More color can be added now, anywhere you desire, each time firing for 60 seconds. Values can be deepened, background colors added, etc., depending on your own painting style. Remember that most of the paints are transparent and will shine through each other.
Finally, any additional lines are added using the crow quill pen as described earlier. The final paint firing is done for approximately 75 seconds, or until the paint has a glossy finish.
|Figure 5. Adding more color. .||Figure 6. Adding final detail.|
Burnished liquid gold can be added if desired. It is applied with a crow quill pen or small brush reserved only for gold use. After the gold has dried, it is fired for 60 seconds at 1470°F. While the enamel is still warm, the gold is polished with a glass brush. Lavender oil is used sparingly to thin the burnished gold if it becomes too thick from standing open during use Gold can easily overpower a small painting. If I am not sure how it will work in the overall design, I use a gold craft pen first on the enamel to see how it will look. If I find it does not enhance the painting, it is easily cleaned off. If it looks good, I clean it off thoroughly and proceed with the real gold.
|Figure 7. Image with gold.|
Note: I have only had mixed success applying gold. I am still experimenting with the media to come up with a method that will yield consistent results. Before adding gold to a piece, I suggest testing its compatibility with your materials.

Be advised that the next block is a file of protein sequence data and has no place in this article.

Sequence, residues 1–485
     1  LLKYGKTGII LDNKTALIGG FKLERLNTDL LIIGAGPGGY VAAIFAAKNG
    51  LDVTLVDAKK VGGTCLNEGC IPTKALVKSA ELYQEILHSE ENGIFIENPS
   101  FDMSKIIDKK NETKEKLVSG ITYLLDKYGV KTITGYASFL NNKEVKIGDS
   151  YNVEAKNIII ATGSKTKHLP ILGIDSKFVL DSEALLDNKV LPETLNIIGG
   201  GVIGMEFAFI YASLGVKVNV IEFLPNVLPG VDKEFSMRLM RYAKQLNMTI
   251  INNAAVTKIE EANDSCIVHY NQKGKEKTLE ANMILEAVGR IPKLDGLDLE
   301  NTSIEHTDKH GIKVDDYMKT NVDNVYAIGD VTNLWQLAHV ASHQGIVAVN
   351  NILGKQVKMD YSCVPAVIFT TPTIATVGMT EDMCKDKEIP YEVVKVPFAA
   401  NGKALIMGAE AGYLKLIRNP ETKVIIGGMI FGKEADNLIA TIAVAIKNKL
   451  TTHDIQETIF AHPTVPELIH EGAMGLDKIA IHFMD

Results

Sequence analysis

There are some things to keep in mind when using china paints. Some yellows, browns and reds contain cadmium or selenium. These chemicals don’t mix well with other colors, and I suggest avoiding them when possible. Also, the high gold content colors, which include many pinks, purples and rubies, need a hotter and/or longer firing to mature. For those colors I use glass paints, which are formulated to mature at a lower temperature.
Occasionally, I find a paint that changes color completely after firing, or has some other undesirable effect. I just make a note of it and don’t use it again. It is important to use good quality brushes designed for china paint. With proper care, they will last a long time. To clean stipplers, brush them perpendicularly across a good quality paper towel to remove any excess paint. I wash them about every 6 months, depending on how much they have been used, in a liquid grease-cutting detergent. Allow them to air dry and store in a dust free box. Other painting brushes are rinsed in painting oil, and finally, pure clove oil. The excess oils are blotted on paper towels. It is important not to store brushes in the painting oil, since the oil of copaiba will eventually harden and be very difficult to remove. The final rinse in clove oil removes it and keeps the brush nice for the next painting session. Store the brushes flat in a clean box in a manner that will not bend the tips. The method presented here is only one way to paint. Most china painters develop their own styles, which may be very different than what is stated here!
|Figure 8. Enameled piece with beadwork.|
In closing, I would like to say that combining china painting with enamel has been a lot of fun. I am able to employ a painting process I enjoy, on a surface that can be fired in seconds rather than hours! Perhaps there will be something of value here for other artists. Finally, I would like to thank Phil Roode, who is always there for me, Roman Orlik, who taught me to be an artist, and Tom Ellis, who gave me generous and unfailing enameling advice.
Editor’s Note: This article should not be considered as a recommendation for using china paints on glass coated metal. The intent was to show that it is generally a workable procedure and a time saver for those who either normally paint on a clay base ceramic, or have inherited a supply of china colors. With the lower coefficient of expansion of china paints, the results are sometimes marginal.